Does Recent Supreme Court Ruling Threaten Religious Liberty?

By Mark A. Kellner | Posted June 23, 2020

In a decision that shocked conservative partisans, the Supreme Court of the United States, on June 15, 2020, ruled 6-3 that Title VII of the 1964 Civil Rights Act protects individuals from sexual orientation or gender identity discrimination.

Writing for the majority, Associate Justice Neil Gorsuch—nominated to the high court in 2017 by President Donald Trump—interpreted the text of the 1964 legislation as such: “An employer who fires an individual for being homosexual or transgender fires that person for traits or actions it would not have questioned in members of a different sex. Sex plays a necessary and undisguisable role in the decision, exactly what Title VII forbids.”

The case, Bostock v. Clayton County, incorporated several appeals of lower court rulings on cases involving homosexuals and transgendered individuals and their jobs.

Some, however, have disagreed with Justice Gorsuch’s reasoning, namely his use of the word “sex” in contrast to the intent of the original lawmakers. U.S. Sen. Josh Hawley of Missouri, in his remarks to the Senate, stated, “There’s only one problem with this piece of legislation. … It did what this Congress has pointedly declined to do for years now, which is to change the text and the meaning and the application and the scope of a historic piece of legislation.”

“By interpreting federal law in a way that was never intended, today’s decision unfortunately impacts the legislative process in a way federal courts typically do not,”  concluded a statement from the North American Division of the Seventh-day Adventist Church , a group long known for supporting religious liberty.

A Dire Scenario?

Of equal concern are the consequences of this ruling, in particular its far-reaching ability to impact religious liberty.

statue of liberty

At issue is what the Supreme Court’s decision neglected to address: whether or not faith-based organizations can put their beliefs into practice in determining who can or cannot work for them. While houses of worship would typically qualify for exemptions to such a ruling, what about “parachurch” agencies in the social services arena or a business owned by an individual of religious conviction?

Writing at The Spectator magazine’s website, commentator John Zmirak noted: “This ruling won’t just protect gay employees who want to teach courses on marriage at Baptist seminaries. (Gorsuch offered no comfort to those with religious liberty fears. ‘They’ll just have to sue and get sued,’ he flippantly wrote.) It will unleash on every employer the ‘diversity machine’ that currently drives ‘sensitivity training,’ de facto hiring quotas, and ‘hostile workplace environment’ suits.”

The Adventist statement brought up other challenges: “Issues surrounding public accommodations such as bathrooms, locker rooms, and other private spaces are yet to be addressed. … In addition, the ability of faith-based institutions to maintain their hiring and conduct standards is now in question and will be the subject of significant litigation.”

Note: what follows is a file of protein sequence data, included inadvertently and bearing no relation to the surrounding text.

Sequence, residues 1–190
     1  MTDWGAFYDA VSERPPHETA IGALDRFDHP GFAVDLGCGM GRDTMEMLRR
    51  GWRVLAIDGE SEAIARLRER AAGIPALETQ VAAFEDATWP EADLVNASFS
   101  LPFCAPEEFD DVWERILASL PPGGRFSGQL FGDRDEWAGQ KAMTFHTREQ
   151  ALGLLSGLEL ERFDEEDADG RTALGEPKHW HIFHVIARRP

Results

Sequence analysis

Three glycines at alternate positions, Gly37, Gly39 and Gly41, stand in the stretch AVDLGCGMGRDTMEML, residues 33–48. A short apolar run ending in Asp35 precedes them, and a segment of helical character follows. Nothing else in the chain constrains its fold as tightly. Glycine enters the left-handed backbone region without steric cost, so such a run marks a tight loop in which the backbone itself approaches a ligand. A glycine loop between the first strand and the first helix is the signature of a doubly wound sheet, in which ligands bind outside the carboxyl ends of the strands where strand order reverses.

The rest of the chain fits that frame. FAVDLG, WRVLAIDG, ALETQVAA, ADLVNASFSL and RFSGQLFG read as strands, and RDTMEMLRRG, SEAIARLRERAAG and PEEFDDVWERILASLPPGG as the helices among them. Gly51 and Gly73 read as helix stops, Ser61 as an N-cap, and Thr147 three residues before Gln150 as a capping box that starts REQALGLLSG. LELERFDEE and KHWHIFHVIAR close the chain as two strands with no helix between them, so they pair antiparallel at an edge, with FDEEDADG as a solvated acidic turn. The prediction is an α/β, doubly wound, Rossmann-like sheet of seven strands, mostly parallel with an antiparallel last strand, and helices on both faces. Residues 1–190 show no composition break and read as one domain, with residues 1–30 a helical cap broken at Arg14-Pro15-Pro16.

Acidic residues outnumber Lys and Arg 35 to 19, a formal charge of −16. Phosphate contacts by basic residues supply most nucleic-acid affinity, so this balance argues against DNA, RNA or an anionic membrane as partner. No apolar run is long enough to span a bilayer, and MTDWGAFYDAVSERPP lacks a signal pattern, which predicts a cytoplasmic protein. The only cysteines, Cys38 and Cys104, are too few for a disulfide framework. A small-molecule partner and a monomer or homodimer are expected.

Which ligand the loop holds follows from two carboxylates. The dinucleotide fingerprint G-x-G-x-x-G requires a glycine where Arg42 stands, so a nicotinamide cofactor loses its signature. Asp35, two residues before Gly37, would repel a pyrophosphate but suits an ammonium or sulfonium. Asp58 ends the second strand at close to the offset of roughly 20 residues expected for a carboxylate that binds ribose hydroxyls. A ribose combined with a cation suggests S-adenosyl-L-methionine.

Sen. Hawley commented, “This decision, this piece of legislation, will have effects that range from employment law to sports to churches.”

Tony Perkins, who heads the Family Research Council, also expressed his concern, writing in The Washington Times: “The Bostock ruling was a body blow to the movement to restore moral and even biological sanity to American public life.”

While this single case is predicted as having enormous repercussions, it’s quite possible the Supreme Court will narrow the scope of the Bostock decision, and soon: The Court has said it will hear Fulton v. City of Philadelphia, in which several faith-based organizations are seeking the right to serve the public according to their religious beliefs. As the Vox website put it, “The question in Fulton is whether the city loses much of its power to control its own public services when it contracts some of those services to religious entities.”

Where Will This Lead?

There is a middle ground between those wanting to force faith-based groups to act against their conscience and those seeking to preserve their rights. This solution is legislative, not judicial: The Fairness for All Act (H.R. 5331) is a bill that offers employment protection for religious organizations, which would be able to “make hiring decisions that reflect their beliefs,” as well as LGBTQ individuals, who would be secured against “discrimination or harassment in secular employment.” Its objective is the “upholding [of] both religious freedom and human dignity,” according to the Adventist Church, an avid proponent of the bill. Many other religious organizations have also supported this legislation, which remains under consideration by the U.S. House of Representatives.

But while the Fairness for All Act openly “rejects the bitter, polarized approach that has long dominated public discussion about these issues,” could it be that people don’t care as much about fairness anymore as they do about winning? Moreover, do little victories necessarily mean an ultimately positive outcome?

As Pastor Doug Batchelor noted in a sermon titled “Freedom and Liberty,” such actions may provide only momentary relief: “Our freedoms in our constitution are being eroded. Religious liberty is a precious thing we will someday lose. Making more laws to give temporary safety create an illusion of security.”

It is increasingly important to know what the Bible says about religious liberty in the end times, especially as it relates to the United States of America. “ The USA in Bible Prophecy,” our free online Bible study, can help!

Mark Kellner
Mark A. Kellner is a staff writer for Amazing Facts International. He is a veteran journalist whose work has been published in Religion News Service, The Washington Times, and numerous computer magazines.

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